Frances J. Storlie was a Charter Member of the American Academy of Nursing. She passed away in her sleep on June 11, at the age of 89. Frances' contributions to the practice of nursing were substantial and inspirational.
A graduate of Clark College’s first nursing class in 1962, Frances then earned a BSN from the U of O, a Master’s Degree in Nursing Ed. from OHSU in 1967, and a PhD in Urban Studies from PSU in 1976. A prolific writer, Dr. Storlie wrote 4 nursing text books and 124 professional journal articles. In 1973, Frances was selected as a Charter Member of the American Academy of Nursing, representing Oregon, Washington, Idaho and Alaska. She also served as the nurse editor for the Heart and Lung Journal during its inaugural year of 1976.
Dr. Storlie served as faculty for the graduate schools of Arizona State Univ. and the Univ. of Nevada, helped organize adult nurse practitioner programs, and taught 75 courses in electrocardiography. In 1978, she received an award from the American Assoc. of Critical Care Nurses. That same year, the Clark College Alumni Association honored her with the Outstanding Alumni Award in recognition of her exceptional service to Clark College, exemplary service to the community, and personal and professional achievements. She became one of the first licensed/accredited Nurse Practitioners in Oregon (1981) and spent the last years of practice as a clinical director and nurse practitioner in Vancouver, WA.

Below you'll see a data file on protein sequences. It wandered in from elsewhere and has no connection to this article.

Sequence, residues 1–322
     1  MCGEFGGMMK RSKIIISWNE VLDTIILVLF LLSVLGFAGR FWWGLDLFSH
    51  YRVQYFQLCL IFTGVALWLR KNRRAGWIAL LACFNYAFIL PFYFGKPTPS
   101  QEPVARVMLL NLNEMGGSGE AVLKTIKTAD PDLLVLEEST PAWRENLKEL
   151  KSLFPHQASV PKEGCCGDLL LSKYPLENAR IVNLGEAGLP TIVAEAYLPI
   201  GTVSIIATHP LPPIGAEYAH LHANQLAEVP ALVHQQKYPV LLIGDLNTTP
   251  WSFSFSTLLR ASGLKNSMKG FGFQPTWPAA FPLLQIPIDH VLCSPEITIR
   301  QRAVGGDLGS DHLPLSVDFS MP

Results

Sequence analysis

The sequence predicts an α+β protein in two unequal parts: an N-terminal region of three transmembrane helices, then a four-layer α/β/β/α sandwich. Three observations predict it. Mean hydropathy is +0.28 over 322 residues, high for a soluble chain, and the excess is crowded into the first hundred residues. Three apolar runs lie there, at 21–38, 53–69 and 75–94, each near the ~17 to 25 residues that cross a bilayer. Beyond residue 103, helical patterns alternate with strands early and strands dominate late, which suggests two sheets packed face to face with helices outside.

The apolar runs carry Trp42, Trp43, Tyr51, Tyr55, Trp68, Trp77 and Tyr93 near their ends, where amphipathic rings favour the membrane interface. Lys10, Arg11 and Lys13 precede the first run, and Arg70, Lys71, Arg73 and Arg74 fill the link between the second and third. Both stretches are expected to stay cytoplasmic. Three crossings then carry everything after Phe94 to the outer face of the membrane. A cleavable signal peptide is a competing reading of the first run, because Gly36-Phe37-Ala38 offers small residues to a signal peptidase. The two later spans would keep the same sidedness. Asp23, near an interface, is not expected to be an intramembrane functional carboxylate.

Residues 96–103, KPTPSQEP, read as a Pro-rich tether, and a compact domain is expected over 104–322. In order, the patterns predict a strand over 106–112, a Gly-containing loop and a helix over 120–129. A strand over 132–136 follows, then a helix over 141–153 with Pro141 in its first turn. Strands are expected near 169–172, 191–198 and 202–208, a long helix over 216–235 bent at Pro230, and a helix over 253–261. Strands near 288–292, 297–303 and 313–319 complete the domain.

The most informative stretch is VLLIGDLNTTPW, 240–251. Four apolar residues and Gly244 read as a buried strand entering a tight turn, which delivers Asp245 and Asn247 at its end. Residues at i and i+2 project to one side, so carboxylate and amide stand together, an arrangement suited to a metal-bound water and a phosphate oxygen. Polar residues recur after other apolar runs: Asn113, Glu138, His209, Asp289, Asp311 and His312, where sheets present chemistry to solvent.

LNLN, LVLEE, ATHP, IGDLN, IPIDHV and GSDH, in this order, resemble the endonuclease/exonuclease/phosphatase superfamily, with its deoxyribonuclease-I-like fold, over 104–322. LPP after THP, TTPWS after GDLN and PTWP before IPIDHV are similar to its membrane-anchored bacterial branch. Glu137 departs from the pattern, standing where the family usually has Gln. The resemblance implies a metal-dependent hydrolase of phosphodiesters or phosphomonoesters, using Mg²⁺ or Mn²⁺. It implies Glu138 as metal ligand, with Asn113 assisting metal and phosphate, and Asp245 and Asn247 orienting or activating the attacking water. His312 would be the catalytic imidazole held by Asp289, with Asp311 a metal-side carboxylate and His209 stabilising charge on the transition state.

In 1986, after learning fluent Spanish, Frances embarked on over 40 medical missions to Mexico, Central and S. America including the So. Pole! She also spent several weeks on the Gulf Coast following Hurricane Katrina volunteering for the American Red Cross, providing first aid for volunteers, and serving food in the soup kitchen.
Dr. Storlie “retired” in 1998, but remained an activist for patient rights. In later years, her “pride and joy” was helping to establish a free healthcare clinic in Biloxi, Mississippi—a project she continued to support for the remainder of her life. For Frances, her family, faith, and medical practice were her life. She loved to sing, play harmonica, give others gifts, and support her favorite charities. Placing little value on material possessions, she possessed a depth of knowledge and compassion rarely equaled. A mother who loved her children every day of their lives, who sang to them when they were sick, she taught them to strive to live an authentic, ethical life of purpose, meaning, and service.